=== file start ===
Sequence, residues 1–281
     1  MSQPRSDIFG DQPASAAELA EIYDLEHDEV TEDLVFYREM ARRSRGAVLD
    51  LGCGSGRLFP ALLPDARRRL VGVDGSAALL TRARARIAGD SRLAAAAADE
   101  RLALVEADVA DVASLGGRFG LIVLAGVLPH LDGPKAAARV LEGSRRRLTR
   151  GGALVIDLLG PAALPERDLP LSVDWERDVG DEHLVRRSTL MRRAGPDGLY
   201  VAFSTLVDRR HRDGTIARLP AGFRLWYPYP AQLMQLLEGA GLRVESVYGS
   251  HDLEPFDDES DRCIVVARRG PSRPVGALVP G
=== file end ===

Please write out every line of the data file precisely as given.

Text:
Sequence, residues 1–281
     1  MSQPRSDIFG DQPASAAELA EIYDLEHDEV TEDLVFYREM ARRSRGAVLD
    51  LGCGSGRLFP ALLPDARRRL VGVDGSAALL TRARARIAGD SRLAAAAADE
   101  RLALVEADVA DVASLGGRFG LIVLAGVLPH LDGPKAAARV LEGSRRRLTR
   151  GGALVIDLLG PAALPERDLP LSVDWERDVG DEHLVRRSTL MRRAGPDGLY
   201  VAFSTLVDRR HRDGTIARLP AGFRLWYPYP AQLMQLLEGA GLRVESVYGS
   251  HDLEPFDDES DRCIVVARRG PSRPVGALVP G